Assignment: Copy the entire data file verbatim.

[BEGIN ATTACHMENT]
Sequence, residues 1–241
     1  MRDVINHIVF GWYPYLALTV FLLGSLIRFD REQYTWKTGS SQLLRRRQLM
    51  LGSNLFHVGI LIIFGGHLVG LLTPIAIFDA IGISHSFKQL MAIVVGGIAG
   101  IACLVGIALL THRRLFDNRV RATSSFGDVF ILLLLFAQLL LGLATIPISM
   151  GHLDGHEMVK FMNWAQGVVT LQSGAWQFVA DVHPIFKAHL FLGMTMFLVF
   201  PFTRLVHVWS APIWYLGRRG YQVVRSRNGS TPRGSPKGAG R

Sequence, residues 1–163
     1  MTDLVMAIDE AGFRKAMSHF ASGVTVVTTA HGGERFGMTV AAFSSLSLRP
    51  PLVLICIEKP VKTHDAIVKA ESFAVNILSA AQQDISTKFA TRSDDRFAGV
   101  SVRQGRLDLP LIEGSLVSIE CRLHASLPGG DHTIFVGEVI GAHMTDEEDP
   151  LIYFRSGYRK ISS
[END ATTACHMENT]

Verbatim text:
Sequence, residues 1–241
     1  MRDVINHIVF GWYPYLALTV FLLGSLIRFD REQYTWKTGS SQLLRRRQLM
    51  LGSNLFHVGI LIIFGGHLVG LLTPIAIFDA IGISHSFKQL MAIVVGGIAG
   101  IACLVGIALL THRRLFDNRV RATSSFGDVF ILLLLFAQLL LGLATIPISM
   151  GHLDGHEMVK FMNWAQGVVT LQSGAWQFVA DVHPIFKAHL FLGMTMFLVF
   201  PFTRLVHVWS APIWYLGRRG YQVVRSRNGS TPRGSPKGAG R

Sequence, residues 1–163
     1  MTDLVMAIDE AGFRKAMSHF ASGVTVVTTA HGGERFGMTV AAFSSLSLRP
    51  PLVLICIEKP VKTHDAIVKA ESFAVNILSA AQQDISTKFA TRSDDRFAGV
   101  SVRQGRLDLP LIEGSLVSIE CRLHASLPGG DHTIFVGEVI GAHMTDEEDP
   151  LIYFRSGYRK ISS